Most of the UK cases so far are among “individuals who self-identify as gay, or bisexual, or other men who have sex with men”, according to the UKHSA’s Dr Susan Hopkins.

How does it compare to Covid?

The government has made it clear that the monkeypox cases are not comparable to the early Covid infections we saw at the beginning of the pandemic.

As it is transmitted through close contact rather than as a respiratory virus, this makes it unlikely to spread through the population like Covid did.

The chief secretary to the treasury Simon Clarke told Sky News on Monday that No.10 was monitoring it “very very closely”, but that he was not “concerned about our ability to handle the situation”.

Dr Susan Hopkins, chief medical adviser of the UKHSA, has previously said the risk to the general population was “extremely low”.

Is there a vaccine?

There is no specific vaccine for monkeypox widely available at the moment.

However, the smallpox vaccine is said to provide good protection against monkeypox as well – this particular jab eradicated smallpox from the world in 1980 – although the government is yet to encourage anyone to get this jab.

How can people avoid it?

The WHO recommends protecting yourself by avoiding skin to skin or face to face contact with anyone with symptoms.

It recommends practising safer sex too, and keeping your hands clean with water and soap, or hand sanitiser, and maintain respiratory etiquette.

If caring for someone with suspected monkeypox, you should wear a mask and clean objects and surfaces that have been touched.

If someone develops a rash and starts to suspect they have symptoms, the organisation recommends they should isolate until the scabs fall off (including abstaining from sex).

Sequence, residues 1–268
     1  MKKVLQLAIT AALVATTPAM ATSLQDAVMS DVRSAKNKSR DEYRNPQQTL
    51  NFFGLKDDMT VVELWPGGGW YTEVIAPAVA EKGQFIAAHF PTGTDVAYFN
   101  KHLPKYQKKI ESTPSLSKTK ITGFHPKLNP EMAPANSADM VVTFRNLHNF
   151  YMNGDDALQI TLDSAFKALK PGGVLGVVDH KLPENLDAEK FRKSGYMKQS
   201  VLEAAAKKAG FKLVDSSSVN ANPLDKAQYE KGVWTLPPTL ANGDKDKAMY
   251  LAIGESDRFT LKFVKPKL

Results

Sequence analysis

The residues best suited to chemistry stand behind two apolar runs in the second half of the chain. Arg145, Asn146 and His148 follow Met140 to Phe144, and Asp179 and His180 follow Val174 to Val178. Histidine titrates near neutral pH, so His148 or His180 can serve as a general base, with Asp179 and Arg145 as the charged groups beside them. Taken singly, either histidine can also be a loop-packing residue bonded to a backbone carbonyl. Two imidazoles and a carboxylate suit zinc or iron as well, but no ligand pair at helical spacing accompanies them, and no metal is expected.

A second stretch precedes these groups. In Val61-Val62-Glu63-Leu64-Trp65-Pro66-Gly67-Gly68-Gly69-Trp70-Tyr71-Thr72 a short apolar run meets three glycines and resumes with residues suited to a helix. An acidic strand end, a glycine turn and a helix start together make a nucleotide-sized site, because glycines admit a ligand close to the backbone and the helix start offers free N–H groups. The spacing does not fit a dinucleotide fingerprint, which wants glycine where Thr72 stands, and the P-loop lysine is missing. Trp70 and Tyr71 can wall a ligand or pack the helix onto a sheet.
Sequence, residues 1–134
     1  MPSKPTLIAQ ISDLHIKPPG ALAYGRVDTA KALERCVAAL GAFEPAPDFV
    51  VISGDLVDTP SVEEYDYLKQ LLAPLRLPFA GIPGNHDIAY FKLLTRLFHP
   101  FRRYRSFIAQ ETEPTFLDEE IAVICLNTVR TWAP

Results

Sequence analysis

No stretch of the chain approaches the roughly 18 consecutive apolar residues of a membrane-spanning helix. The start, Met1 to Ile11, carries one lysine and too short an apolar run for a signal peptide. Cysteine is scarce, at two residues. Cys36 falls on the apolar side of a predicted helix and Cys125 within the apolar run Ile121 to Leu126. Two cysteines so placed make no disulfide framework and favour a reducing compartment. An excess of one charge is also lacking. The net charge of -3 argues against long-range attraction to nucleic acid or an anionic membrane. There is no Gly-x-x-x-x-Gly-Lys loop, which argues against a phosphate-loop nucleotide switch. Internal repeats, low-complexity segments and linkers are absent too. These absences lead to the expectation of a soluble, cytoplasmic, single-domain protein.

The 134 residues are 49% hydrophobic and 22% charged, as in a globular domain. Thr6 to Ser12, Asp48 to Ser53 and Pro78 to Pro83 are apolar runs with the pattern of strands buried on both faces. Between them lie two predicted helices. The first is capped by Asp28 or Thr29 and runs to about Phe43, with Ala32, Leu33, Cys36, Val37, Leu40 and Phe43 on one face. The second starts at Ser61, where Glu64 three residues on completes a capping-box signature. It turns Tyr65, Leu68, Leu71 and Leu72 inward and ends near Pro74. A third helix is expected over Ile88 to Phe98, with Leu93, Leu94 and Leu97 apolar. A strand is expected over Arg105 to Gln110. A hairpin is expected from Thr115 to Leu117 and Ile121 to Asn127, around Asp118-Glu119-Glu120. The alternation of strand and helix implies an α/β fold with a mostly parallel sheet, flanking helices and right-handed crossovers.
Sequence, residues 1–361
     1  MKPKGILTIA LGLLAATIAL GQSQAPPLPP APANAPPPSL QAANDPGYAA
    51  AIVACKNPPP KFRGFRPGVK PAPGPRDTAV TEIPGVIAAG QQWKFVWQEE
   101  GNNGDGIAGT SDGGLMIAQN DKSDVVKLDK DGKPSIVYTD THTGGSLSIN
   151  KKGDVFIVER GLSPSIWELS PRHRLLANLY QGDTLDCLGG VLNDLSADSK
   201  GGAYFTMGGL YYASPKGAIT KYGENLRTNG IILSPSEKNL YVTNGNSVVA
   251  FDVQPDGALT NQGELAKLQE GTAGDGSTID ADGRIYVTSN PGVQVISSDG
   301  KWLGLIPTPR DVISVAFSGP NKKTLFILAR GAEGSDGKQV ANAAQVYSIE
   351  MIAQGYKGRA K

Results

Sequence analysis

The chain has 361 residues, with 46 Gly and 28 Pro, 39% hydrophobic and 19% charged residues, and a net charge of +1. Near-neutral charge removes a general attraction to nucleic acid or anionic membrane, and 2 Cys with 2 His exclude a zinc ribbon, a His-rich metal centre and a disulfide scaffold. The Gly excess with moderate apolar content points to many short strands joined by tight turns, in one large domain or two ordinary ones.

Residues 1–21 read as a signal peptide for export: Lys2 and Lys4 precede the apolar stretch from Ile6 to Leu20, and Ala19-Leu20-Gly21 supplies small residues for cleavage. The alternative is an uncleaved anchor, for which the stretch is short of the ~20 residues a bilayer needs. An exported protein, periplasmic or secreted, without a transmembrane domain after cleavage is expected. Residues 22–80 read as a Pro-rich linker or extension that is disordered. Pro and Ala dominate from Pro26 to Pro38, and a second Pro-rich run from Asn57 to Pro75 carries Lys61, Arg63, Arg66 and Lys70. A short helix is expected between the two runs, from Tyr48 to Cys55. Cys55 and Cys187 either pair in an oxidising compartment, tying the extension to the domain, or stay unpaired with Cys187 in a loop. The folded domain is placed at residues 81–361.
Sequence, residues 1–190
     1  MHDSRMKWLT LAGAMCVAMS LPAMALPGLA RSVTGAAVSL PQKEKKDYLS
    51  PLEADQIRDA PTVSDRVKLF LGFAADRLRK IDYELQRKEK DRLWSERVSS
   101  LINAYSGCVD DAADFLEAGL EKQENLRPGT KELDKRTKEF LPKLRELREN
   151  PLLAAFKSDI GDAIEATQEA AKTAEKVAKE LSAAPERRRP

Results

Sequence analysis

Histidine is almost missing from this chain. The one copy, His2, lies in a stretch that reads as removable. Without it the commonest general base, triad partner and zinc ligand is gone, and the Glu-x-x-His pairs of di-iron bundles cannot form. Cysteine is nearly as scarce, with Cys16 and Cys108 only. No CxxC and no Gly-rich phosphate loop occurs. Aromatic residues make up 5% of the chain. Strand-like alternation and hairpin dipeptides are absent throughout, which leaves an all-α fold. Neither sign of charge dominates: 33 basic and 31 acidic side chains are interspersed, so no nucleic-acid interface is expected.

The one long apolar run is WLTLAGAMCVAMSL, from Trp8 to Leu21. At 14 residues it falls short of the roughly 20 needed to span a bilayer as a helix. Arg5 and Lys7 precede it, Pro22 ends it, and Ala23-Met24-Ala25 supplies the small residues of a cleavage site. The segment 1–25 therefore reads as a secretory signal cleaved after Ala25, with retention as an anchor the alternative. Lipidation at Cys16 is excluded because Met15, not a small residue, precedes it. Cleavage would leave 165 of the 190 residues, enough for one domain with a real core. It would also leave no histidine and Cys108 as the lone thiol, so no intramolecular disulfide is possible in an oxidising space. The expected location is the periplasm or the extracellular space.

The WHO also suggests the “general precautionary measures recommended against Covid-19 are also expected to largely protect from monkeypox virus transmission”.

Why do some people have to self-isolate?

The UKHSA has recommended that anyone with a high risk of catching monkeypox after having direct or household contact with a confirmed case, should isolate for three weeks.

These people are also advised to send their details for contact tracing, avoid travel and contact with the immunosuppressed, pregnant people and children under 12.

Dr Claire Dewsnap, president of the British Association for Sexual Health and HIV, told the Guardian: “The vast majority of identified cases are isolating at home and do not require hospital admission.”

Where else is it?

The World Health Organisation is currently investigating the disease and expects the case numbers to rise. There have already been 85 confirmed cases detected across eight EU countries.

During this outbreak, the virus was first identified in the UK, but has now been traced back to Spain, Portugal, Belgium, Germany, Italy, the Netherlands, Sweden, Austria, Switzerland, Israel, Australia, Canada, France, and the US.

Monkeypox is endemic is Benin, Cameroon, the Central African Republic, the Democratic Republic of the Congo, Gabon, Ghana (only in animals), Ivory Coast, Liberia, Nigeria, the Republic of the Congo, Sierra Leone and South Sudan.

This article originally appeared on HuffPost UK and has been updated.